“I stick to what I’m good at,” said Hugh, “and that doesn’t include dancing.”
“Shit yeah, man,” said Gerry. “Dudes like us are at a real disadvantage here. We probably shouldn’t even have come.”
“A margarita,” said Ellen to the waiting bartender.
“Frozen or on the rocks, lime, watermelon or strawberry, with or without salt?” he recited in a bored voice. Around her, many of the revelers were sipping brightly-colored frozen drinks from goblets the size of small fishbowls. She asked for a regular margarita on the rocks with salt, and turned to the two men. “So why did you come?”
Hugh didn’t answer, though his eyes traveled up and down her body. Gerry gave her a smile that made her heart beat a little faster. “Just to see you, pretty lady,” he said. “Want to blow this pop stand and grab a hot dog?” Ellen almost laughed; his unsubtle approach was disarming. Clearly, Gerry didn’t need to make much of an effort, and he knew it.
“Thanks, but I just arrived,” she said with a smile. He grinned as though sharing her amusement. “Catch you later, then.” Draining the rest of his beer, he disappeared into the crowd as Charlie approached, leading Tina by the hand. “Ellen!” he called. “Why are you wasting your time with Baby Huey here? He has two left feet!”
“Stow it, House, or I’ll use you as a toothpick,” said Hugh.
“Come on and dance,” urged Charlie. He was wearing black slacks, a black shirt with the sleeves rolled up to reveal bulging forearms, and a tight silver vest; his dance shoes boosted his height by an extra inch or two.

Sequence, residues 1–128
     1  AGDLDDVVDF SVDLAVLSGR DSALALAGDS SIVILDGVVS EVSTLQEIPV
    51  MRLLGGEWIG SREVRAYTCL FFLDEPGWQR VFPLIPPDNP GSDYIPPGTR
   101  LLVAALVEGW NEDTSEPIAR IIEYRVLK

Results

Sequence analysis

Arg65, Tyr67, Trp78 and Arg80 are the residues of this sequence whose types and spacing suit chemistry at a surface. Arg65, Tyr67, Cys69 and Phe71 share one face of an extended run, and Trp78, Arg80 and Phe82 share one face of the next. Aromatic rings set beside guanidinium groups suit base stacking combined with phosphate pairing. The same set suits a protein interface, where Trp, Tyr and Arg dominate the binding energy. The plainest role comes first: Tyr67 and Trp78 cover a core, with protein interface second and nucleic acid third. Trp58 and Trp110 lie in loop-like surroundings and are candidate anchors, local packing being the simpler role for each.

“My drink’s ready,” she told him, as the bartender slid it toward her. “Maybe later.”
She paid for the drink and hopped up on the barstool, turning outward so she could watch the action. Hugh remained standing quietly beside her. His double-breasted suit had a Thirties look, with subtle pinstripes and wide lapels that emphasized the breadth of his chest. According to Kim, he was a freelance illustrator who worked from home, so why did he always dress so formally?
“I’ve not had a chance to talk with you much,” she said. “Tell me what you do.”
“To earn my keep, I do commercial art, especially for clients who want hand-drawn graphics,” he said. “I also do freelance book design, and I sell a cartoon now and then.”
“Really? Cartoons like in The New Yorker?” she asked, fascinated.
He nodded. “I’ve placed my work in The New Yorker, and in Playboy— they’re one of the few magazines that still buy traditional, single-panel cartoons,” he explained, as though she might be offended. She wasn’t, though she was curious to know what his Playboy cartoons looked like, and whether they were sexy.
“Yes, I suppose it’s a dying art,” she replied. “But what about new media? I’d have thought that a one-panel cartoon is the perfect genre for the age of the iPhone.”
“If only the rest of the world agreed with you. It’s all about photographs and video these days,” he said. The mention of phones and photos brought to mind the explicit picture she had received, and she wondered whether Hugh could be the culprit. In spite of Kim’s doubts, she felt an intuitive certainty that it was one of the men in the group, and she’d noticed him watching her more than once. Watching someone isn’t a crime, she reminded herself.